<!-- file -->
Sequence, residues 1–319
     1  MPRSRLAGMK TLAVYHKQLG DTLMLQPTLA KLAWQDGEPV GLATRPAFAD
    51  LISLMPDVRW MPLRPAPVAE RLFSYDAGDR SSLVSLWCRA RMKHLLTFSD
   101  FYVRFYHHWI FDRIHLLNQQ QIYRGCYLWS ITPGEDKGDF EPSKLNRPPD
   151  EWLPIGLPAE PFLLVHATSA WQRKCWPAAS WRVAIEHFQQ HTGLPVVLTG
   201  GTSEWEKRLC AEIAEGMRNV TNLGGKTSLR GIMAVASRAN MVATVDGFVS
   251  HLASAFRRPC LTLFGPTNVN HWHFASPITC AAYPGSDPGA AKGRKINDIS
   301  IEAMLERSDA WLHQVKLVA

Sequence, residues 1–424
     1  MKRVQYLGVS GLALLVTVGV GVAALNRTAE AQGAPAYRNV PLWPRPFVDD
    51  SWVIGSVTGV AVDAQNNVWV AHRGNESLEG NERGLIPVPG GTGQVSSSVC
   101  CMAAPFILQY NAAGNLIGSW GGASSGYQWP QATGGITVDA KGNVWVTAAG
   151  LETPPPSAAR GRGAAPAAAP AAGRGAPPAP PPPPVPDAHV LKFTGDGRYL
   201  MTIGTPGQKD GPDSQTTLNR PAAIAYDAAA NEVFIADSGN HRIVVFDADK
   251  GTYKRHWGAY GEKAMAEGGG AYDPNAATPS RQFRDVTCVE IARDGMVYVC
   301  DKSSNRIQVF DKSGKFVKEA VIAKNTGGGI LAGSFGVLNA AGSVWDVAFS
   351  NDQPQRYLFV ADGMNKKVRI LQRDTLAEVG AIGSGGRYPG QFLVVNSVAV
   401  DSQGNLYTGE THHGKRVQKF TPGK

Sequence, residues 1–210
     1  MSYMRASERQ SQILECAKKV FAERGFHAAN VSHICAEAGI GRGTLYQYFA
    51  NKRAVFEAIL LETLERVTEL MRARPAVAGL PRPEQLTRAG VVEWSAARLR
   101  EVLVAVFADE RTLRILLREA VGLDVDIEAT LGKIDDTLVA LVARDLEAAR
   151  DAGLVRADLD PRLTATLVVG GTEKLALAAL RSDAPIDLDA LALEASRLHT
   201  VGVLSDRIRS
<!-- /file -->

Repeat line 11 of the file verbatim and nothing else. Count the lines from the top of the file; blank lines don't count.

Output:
    51  SWVIGSVTGV AVDAQNNVWV AHRGNESLEG NERGLIPVPG GTGQVSSSVC